Battle of Wuchang

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Battle of Wuchang
Part of Taiping Rebellion
Hankow 1915.jpg
Wuchang is on the left (Southern) bank of the Yangtze River, seen in a 1915 map
DateDecember 1852 – January 1853
Location
Result Wuchang and surrounding areas captured by Taiping
Belligerents
Qing dynasty Taiping Heavenly Kingdom Banner.svg Taiping Heavenly Kingdom
Commanders and leaders
? Taiping Heavenly Kingdom Banner.svg Hong Xiuquan

The Battle of Wuchang occurred in 1852 during the Taiping Rebellion in Wuchang, part of the modern-day city of Wuhan.

Contents

Background

In November 1852 Hong Xiuquan called off the siege of Changsha. The Taiping armies advanced northward down the Xiang River toward the Wuchang, the capital of Hubei. [1] [2]

The advance towards Wuchang took very deceptive maneuvers as to ward off pursuit from Qing forces. Taiping forces would embark onto land and abandoned their boats at one spot. Then they would unexpectedly to seize new fleets when they descend upon some unsuspecting river town. They also cut bridges as they passed them to delay pursuit, recruiting the boatmen along with their boats to check the advance of the Qing forces. In other cases they would deploy pontoon bridges to allow crossing of the river, then float them downstream to use again. Taiping forces advanced forward around three hundred miles in twenty-five days.

Battle

The Taiping army reached the Dongting Lake by December and occupied Yueyang with little resistance. They seized over 5,000 boats, arms, and other supplies. [3] Upon reaching the banks of the Yangtze River, they moved swiftly east downstream, instead of at once attacking the strongly walled and massively guarded city of Wuchang. The Taiping leaders in a surprise maneuver sent their troops to the north shore and to seize the two wealthy but poorly defended commercial towns of Hanyang and Hankou, which were taken by the end of December. After capturing these two towns, the Taipings constructed two huge floating bridges by linking boats together across the Yangtze, so they could attack Wuchang on its weaker northern face.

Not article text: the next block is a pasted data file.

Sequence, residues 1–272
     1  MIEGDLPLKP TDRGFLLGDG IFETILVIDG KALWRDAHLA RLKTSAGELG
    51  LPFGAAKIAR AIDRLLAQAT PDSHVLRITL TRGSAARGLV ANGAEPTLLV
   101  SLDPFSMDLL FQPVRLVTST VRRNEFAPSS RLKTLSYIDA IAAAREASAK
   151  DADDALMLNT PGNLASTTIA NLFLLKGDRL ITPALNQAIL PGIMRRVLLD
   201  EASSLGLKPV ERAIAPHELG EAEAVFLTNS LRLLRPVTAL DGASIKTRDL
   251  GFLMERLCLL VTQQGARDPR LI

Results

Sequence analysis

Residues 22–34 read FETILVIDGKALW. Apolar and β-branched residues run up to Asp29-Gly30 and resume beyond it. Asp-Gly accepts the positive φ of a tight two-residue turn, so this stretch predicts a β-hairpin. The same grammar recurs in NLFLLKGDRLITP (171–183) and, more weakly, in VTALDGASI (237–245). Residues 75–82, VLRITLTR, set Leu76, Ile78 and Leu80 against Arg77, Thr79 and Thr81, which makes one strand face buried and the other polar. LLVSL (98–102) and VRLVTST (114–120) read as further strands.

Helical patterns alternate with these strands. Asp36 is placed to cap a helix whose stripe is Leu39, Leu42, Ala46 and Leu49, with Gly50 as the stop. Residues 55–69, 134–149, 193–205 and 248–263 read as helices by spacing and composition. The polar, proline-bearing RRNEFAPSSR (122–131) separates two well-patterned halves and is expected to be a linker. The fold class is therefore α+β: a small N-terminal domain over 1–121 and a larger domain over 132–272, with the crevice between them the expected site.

The Hubei governor[ who? ] ordered his garrison to burn all the homes outside the Wuchang city walls to give them clearer fields of fire. The residents of Wuchang were promised cash rewards for every Taiping soldier they captured, twenty ounces of silver for every male Taiping head with hair so long one can tell it belongs to a veteran soldier, and ten ounces for each Taiping head with the shorter hair of recent recruits to the rebel ranks.

City defenders blocked the city gates with earth and rocks, and created sunken listening posts to pinpoint the undermining of their walls to counteract siege tunneling. But the people were resentful of the destruction of their homes, and seemed sympathetic to the Taiping propaganda. Wuchang was besieged for twenty days and the city fell to the Taipings on January 12, 1853.

Aftermath

After hearing of a large Qing army to the north, the Taiping forces decided not to march directly towards Beijing, and instead headed east along the Yangtze River towards Nanjing, where they hoped to use as a launching pad for future campaigns in North China. [4] This decision has been criticized as "one of the greatest strategic errors in the history of the movement".

Wuchang becomes one of the first major cities where Taiping social policies are implemented.

On October 14, 1854 Xiang Army led by Zeng Guofan recapture Wuchang and Hanyang for the Qing. [5] [6] Then on April 3, 1855 the Taiping Western Expedition captured the area again. Finally Qing permanently regained control of the area on December 19, 1856.

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References

  1. Spence, Jonathan D. (1996). God's Chinese Son (Reprint ed.). W. W. Norton & Company.
  2. The Taiping Rebellion By Shunshin Chin
  3. Spence, Jonathan D. (1990). The Search for Modern China .
  4. Elleman, Bruce A. Modern Chinese Warfare, 1795-1989. p. 40.
  5. Dillon, Michael. China: A Modern History
  6. Platt, Steven. Autumn in the Heavenly Kingdom .